• There are two atmospheric hazard monitors:  QRAE 3 and MSA Altair 4X. 
    • The monitors are calibrated monthly by EHS.  A calibration sticker is placed on instrument.
    • Prior to each use, a fresh air calibration is required.  It must be performed in a known fresh air condition like outside.
    • During the descent into a layering atmosphere, atmospheric hazards should be tested about every 4 feet (1.22m) in the direction of vertical travel and to each side.
    • The longer the cord, the more time the instrument would need for the sample to reach the sensors.
      • For a 6ft 8 in cord, measurement should be taken for a minimum of 75 secs.
      • For a 10ft cord, measurement should be taken for a minimum of 80 secs.
      • For a 15ft cord, measurement should be taken for a minimum of 90 secs.
      • For a 25ft cord, measurement should be taken for a minimum of 110 secs or 1 min 50 secs.
    • If for any reason the entrant must leave the confined space, atmospheric testing must be completed before re-entry.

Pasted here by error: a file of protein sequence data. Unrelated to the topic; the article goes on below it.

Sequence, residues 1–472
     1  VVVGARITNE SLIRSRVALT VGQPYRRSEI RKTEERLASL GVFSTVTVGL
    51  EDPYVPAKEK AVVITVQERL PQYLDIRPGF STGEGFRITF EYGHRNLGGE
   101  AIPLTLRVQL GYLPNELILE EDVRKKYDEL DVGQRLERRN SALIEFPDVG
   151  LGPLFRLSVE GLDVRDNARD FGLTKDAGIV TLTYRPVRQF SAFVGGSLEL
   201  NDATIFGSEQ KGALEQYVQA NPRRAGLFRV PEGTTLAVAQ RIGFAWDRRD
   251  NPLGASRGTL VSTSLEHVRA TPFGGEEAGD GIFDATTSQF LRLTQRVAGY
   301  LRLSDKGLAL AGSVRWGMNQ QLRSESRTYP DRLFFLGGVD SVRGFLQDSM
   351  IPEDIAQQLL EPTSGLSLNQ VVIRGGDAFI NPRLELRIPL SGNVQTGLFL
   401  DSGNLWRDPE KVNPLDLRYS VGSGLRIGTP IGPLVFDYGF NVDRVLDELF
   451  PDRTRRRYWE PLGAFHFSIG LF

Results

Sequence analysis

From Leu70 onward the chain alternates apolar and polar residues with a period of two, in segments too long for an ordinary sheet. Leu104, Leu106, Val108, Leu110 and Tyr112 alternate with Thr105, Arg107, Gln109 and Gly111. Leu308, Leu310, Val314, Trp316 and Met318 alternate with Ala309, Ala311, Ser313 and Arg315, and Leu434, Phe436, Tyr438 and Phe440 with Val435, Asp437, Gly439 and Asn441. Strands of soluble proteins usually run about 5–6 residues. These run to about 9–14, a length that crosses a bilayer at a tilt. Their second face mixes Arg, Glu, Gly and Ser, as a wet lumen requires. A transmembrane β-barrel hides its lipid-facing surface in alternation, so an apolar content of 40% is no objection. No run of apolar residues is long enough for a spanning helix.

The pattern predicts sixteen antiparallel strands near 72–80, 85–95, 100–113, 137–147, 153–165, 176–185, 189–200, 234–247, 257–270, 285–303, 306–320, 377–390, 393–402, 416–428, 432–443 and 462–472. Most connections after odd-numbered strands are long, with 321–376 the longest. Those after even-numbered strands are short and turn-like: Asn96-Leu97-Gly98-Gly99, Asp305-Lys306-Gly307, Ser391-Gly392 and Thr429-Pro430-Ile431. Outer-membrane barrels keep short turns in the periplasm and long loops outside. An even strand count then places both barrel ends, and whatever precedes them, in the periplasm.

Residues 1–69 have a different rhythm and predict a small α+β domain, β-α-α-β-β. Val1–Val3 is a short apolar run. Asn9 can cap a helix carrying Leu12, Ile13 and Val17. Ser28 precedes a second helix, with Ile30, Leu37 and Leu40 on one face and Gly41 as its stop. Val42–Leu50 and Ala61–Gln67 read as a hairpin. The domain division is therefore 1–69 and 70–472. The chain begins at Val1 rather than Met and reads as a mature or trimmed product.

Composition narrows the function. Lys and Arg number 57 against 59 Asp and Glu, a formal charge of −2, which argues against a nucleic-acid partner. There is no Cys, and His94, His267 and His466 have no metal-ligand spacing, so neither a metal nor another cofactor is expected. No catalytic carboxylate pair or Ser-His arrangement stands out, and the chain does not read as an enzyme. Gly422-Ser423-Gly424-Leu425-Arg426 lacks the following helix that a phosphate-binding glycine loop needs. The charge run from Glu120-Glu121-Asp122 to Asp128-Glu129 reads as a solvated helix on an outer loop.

• Test results must be recorded on the Confined Space Entry Form .

    QRAE 3 Instruction 

    1. Push and hold the power button until you hear a beep.
      • It will take about a minute to warm-up.
    2. Wait until the following message appears “Fresh Air / Zero Calibration.”  Select “Start”.
    3. A message will appear “Calibrating” and a timer.  The calibration will take about 30 seconds.
    4. Once the calibration is complete, the zero calibration results will be shown as indicated in the picture.
      • If you receive fail on any of the gas, perform the fresh air calibration again.  If the fail message appears again, contact EHS.
    5. Select “Exit”.
    6. It should return to the main screen.
    7. You are now ready to collect data.
      • Each measurement should be performed for a minimum of 60 seconds.
      • For a 6ft 8 in cord, measurement should be taken for a minimum of 75 secs.
      • For a 10ft cord, measurement should be taken for a minimum of 80 secs.
      • For a 15ft cord, measurement should be taken for a minimum of 90 secs.
      • For a 25ft cord, measurement should be taken for a minimum of 110 secs
    8. Record the data on the required form.

    MSA Altair 4X Instruction

    1. Push the Power button.  It will take a while to warm-up.
    2. A message “FAS?” would appear.  Push the Power button to select.
      • “FAS?” = Fresh Air Calibration.
    3. After the calibration, a message would appear “FAS PASS” or “FAS ERR”.